• yes John bought home the ice cream attachment for my mixer the day after i fell over from the heat.. well times i think! c

  15. Daisy is hilarious–and just like your other readers–I love her all the more. Can you believe there are people in this world who don’t credit animals with any feelings much less brains at all!

  16. I think it’s an amazing thing that Daisy has the ability to adapt to such a routine that even fake harnessing holds her to her post! Good girl! And I’m delighted you had a break in the weather so that at least it felt like a bit of relief. The animals must have liked that, too! Great ice cream recipe. I make a nice ice cream, but there is no comparison, I’m sure, to the freshness of your ingredients! I liked the addition of honey, too. I’m going to try that. 🙂 Debra

  17. Aww Daisy melts my heart! Animals become so routine it’s crazy! Maybe bc we’re so routine with them? Probably a bit of both! Even though she’s bc and not so gentle, you can tell by the way you write of her, that she is still a giant sweetie pie! Glad it finally cooled down there! It did here too, but by Thursday it’s reaching up with the humidity again!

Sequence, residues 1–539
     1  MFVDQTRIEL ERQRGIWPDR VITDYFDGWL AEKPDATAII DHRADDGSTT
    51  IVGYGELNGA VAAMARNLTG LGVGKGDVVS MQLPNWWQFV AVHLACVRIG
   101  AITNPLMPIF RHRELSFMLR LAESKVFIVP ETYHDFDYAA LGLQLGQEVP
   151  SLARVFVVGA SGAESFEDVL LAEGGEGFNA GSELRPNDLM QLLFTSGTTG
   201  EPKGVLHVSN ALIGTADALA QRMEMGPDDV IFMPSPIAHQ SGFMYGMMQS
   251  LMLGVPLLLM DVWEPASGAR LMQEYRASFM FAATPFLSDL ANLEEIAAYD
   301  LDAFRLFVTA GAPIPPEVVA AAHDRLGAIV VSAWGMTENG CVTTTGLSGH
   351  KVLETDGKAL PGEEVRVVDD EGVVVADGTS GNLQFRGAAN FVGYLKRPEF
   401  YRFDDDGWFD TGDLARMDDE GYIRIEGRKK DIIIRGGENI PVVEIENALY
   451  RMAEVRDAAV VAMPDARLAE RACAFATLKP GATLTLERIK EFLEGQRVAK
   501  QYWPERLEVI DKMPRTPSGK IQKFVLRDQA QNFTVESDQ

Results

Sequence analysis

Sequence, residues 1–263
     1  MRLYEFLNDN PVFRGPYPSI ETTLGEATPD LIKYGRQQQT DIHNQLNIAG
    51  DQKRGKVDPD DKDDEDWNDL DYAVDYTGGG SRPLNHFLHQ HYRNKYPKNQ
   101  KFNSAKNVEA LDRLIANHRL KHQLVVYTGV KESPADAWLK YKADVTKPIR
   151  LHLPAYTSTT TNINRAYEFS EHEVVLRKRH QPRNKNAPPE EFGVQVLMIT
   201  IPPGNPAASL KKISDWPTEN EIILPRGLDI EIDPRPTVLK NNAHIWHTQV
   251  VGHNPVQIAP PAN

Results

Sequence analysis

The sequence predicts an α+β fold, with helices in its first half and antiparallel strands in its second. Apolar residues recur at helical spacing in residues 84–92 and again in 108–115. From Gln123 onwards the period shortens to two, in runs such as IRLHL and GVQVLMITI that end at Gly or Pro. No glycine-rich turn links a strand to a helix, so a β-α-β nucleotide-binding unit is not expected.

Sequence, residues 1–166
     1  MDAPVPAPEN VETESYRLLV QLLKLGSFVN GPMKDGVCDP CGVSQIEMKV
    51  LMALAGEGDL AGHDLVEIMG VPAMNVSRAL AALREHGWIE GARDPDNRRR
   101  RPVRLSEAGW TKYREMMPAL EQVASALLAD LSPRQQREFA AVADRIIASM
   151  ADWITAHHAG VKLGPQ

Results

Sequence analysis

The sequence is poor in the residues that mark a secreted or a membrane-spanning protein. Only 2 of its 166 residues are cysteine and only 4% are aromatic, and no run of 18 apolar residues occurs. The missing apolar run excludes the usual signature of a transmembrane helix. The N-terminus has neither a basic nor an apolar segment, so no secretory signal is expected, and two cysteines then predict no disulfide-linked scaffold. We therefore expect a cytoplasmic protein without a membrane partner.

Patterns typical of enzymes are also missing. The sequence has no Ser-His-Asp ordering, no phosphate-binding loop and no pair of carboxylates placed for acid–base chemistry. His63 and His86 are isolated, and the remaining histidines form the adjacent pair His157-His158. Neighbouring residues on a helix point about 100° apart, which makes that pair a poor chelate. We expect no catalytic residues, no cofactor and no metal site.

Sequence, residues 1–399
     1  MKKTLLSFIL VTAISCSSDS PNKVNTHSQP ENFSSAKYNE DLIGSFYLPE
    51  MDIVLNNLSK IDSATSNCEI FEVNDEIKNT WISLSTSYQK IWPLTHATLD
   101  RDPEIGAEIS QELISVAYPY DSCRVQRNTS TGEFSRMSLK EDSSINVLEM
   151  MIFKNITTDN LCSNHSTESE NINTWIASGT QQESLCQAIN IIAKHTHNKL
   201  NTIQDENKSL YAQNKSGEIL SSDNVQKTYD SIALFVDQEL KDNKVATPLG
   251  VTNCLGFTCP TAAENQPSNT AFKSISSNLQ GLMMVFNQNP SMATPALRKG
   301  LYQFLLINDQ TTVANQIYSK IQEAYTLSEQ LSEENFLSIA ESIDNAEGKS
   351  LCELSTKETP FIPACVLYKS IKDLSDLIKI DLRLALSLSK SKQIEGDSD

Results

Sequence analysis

18. Should I, shouldn’t I. Should I, shouldn’t I. I don’t have an ice cream maker. (exasperated sigh…)

  19. As always, I continue to be amazed at how you can manage all the little and BIG things! And constantly add a touch of grace to your day/life. I am so sorry about your near-stroke experience: please take care. We are immensely spoiled here in New England: if it gets a touch over 90 degrees we all wilt—and eat LOTS of ice cream.

  20. Oh lovely rain, and I’m so happy it’s cooler for you too…we “may” get some rain tomorrow I hope, and a break in the heat. It’s a desert here right now. What a sweet Daisy story. It doesn’t surprise me because you have such a rapport with your animals, but what a wonderful experience to share and so humorously told! Okay, now I see what ice cream I will have to make next. So far this year I’ve only made my peach and some sorbets, and while I can’t get the raw milk, the recipe (and the result) look too amazing to pass up! Hope your day is sweet, celi.